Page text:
Credit cards are the most convenient forms of payment. Why shuffle around your bag looking for your wallet and scavenge through your dollar bills and coins trying to find the correct amount that you owe? Credit cards are here to save the day.
However, there are certain times when you should refrain from using credit cards. Safety first! Here are the times where you should not use your credit to pay.
1. On a website that doesn’t begin with “HTTPS”
HTTPS is the protocol for secure information being transferred over the web. It’s widely used over thousands of different platforms to process payment. If you don’t see HTTPS, you’re at risk for your credit card information being stolen.
2. Responding to an email
By no means should you ever, ever post your credit card information in writing online. This also means in response to an email. The only time you should ever provide your credit card information for someone else is over the phone, and sometimes you might even want to avoid that. If anyone ever asks you for your credit card information via email, it could be a phishing scam.
3. Speaking on the phone
Yes, there are sometimes when ordering from a retail store, you may be asked to provide credit card information over the phone. In most cases, this is okay. In unfamiliar stores and situations, caution is advised. You don’t know where your credit card information goes after you release it. You also don’t know who else might be listening in on the call.
4. When an online seller has no reviews or previous listings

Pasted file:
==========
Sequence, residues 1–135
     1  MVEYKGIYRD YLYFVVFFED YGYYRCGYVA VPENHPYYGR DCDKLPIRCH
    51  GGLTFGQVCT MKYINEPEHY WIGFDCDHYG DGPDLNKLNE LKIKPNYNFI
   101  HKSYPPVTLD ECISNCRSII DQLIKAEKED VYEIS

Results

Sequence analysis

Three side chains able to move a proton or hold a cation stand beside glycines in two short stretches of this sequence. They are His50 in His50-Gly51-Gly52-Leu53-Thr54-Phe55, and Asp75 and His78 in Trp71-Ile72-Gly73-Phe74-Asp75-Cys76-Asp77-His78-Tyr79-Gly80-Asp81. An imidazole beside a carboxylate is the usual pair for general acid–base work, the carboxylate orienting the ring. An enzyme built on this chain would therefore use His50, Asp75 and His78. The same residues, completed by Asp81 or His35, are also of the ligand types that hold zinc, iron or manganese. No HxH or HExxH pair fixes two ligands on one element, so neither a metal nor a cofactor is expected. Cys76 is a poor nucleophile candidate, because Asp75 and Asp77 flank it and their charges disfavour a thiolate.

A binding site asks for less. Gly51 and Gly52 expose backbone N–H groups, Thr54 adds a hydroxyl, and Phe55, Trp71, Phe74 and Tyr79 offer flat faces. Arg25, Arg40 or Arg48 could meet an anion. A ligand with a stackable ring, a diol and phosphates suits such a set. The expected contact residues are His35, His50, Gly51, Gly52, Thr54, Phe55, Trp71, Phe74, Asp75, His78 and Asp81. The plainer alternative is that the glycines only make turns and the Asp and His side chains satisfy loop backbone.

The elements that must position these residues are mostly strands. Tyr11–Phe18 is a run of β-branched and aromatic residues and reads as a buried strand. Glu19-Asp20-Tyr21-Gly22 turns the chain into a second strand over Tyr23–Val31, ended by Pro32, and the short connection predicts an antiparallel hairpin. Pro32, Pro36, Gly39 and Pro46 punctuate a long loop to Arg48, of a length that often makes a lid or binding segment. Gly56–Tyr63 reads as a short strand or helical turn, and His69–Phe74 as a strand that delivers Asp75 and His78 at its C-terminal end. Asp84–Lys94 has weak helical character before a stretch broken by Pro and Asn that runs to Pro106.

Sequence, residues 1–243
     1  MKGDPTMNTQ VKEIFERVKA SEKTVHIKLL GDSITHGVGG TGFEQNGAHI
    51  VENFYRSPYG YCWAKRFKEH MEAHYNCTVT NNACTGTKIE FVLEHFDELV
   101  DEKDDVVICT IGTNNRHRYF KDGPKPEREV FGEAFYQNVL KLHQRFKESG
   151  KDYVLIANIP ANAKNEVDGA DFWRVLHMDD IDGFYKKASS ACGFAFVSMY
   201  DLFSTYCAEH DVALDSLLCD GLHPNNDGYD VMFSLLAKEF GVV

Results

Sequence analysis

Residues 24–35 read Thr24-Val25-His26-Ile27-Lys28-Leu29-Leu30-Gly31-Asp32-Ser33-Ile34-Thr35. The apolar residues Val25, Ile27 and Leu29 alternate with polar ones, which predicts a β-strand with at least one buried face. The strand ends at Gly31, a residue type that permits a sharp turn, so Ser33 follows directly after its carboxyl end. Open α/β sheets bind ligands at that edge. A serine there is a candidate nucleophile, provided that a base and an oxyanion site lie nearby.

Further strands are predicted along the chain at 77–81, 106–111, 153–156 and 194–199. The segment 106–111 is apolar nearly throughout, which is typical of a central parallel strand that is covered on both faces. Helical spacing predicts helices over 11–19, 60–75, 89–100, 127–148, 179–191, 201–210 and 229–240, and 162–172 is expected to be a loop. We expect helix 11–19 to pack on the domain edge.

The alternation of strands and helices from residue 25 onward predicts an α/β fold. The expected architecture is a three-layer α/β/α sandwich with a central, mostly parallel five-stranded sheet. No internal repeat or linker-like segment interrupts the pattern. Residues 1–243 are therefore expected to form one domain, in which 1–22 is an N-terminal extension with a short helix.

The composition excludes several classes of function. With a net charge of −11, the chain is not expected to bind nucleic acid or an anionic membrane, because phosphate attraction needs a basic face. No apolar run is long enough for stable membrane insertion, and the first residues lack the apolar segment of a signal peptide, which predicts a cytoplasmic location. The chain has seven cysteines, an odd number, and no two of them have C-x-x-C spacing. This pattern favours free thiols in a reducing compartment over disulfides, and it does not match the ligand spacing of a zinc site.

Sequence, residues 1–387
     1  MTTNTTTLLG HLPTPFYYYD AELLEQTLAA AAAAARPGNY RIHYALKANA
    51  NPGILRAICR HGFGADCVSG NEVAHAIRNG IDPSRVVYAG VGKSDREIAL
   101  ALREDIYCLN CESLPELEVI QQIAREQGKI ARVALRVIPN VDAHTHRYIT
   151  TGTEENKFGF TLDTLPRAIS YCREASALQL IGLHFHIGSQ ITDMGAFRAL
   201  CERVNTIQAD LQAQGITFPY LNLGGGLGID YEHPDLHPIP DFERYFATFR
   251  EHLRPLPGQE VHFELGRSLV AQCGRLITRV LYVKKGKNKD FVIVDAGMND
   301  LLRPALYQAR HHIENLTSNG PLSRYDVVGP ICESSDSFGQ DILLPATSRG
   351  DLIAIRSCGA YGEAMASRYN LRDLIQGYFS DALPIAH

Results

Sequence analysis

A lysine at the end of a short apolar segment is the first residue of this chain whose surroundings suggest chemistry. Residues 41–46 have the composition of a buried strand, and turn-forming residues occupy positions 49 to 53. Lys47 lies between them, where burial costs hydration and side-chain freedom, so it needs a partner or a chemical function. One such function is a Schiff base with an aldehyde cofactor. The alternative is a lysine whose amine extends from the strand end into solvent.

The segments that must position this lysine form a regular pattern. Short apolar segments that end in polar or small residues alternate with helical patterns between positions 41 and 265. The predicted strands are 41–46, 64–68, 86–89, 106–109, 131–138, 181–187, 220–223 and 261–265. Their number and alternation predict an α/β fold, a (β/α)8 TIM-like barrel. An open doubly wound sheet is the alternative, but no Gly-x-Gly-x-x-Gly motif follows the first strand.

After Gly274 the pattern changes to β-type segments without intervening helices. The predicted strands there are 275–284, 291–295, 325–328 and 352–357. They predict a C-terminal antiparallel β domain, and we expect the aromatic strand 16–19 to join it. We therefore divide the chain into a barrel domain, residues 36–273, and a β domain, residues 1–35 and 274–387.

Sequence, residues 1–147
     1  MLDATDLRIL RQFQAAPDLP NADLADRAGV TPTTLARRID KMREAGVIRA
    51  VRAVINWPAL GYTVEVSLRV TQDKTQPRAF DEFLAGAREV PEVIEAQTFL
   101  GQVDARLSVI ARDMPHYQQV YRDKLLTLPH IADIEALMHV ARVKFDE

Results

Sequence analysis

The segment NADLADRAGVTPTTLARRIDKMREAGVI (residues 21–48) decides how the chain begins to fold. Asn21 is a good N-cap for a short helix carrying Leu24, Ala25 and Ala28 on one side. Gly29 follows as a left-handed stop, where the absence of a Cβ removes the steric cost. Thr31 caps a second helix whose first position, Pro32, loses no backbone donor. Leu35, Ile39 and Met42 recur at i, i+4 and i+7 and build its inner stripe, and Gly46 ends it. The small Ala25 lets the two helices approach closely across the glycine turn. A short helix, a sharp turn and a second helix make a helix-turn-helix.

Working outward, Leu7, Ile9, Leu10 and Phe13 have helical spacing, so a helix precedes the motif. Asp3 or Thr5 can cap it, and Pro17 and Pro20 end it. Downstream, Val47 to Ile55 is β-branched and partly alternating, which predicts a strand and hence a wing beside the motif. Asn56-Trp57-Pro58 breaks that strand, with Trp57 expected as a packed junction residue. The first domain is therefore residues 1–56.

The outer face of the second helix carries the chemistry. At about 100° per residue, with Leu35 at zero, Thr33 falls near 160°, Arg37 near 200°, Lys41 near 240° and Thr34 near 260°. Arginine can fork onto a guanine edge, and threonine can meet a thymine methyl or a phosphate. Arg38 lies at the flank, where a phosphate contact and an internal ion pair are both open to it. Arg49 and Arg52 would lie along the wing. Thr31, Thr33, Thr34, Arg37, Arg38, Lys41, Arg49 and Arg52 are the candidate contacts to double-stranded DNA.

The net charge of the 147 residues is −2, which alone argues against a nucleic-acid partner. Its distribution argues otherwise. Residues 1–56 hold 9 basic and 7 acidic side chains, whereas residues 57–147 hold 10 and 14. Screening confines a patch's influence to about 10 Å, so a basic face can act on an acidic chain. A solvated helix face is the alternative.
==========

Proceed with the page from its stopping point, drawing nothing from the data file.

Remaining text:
If you’re considering buying from an online seller, you’re better off using Amazon or Etsy. Even eBay can get a little sketchy. If the seller has absolutely zero reviews and they have no previous listings but the current one, they might be trying to scam you out of money, and no eventual delivery.
5. When the merchant needs to take your card out of customer view for payment
This has happened many times where merchants may need to take the credit card out of customer’s view for payment. This usually occurs at drive-thru windows or bars. Always be careful and use your best judgment. There have been many incidents where employees have taken cards out of view and have written down the card information or taken a picture before returning it.
6. Purchasing online while connected to public Wi-Fi
You might want to wait to complete any purchases until you’re connected to a safe and secure network (like at your own home). If you’re on a public WiFi connection, any passwords, personal data, and credit card information can be obtained by someone trying to break into the system.
7. Making purchases on a public computer
While on any public computer, it’s best to save your purchases for your own personal device. Many public computers have keyloggers enabled to record every keystroke that you make on them, thus saving your personal information.
What do you think about all these shocking credit card scenarios? Be sure to SHARE this with a friend if you were surprised!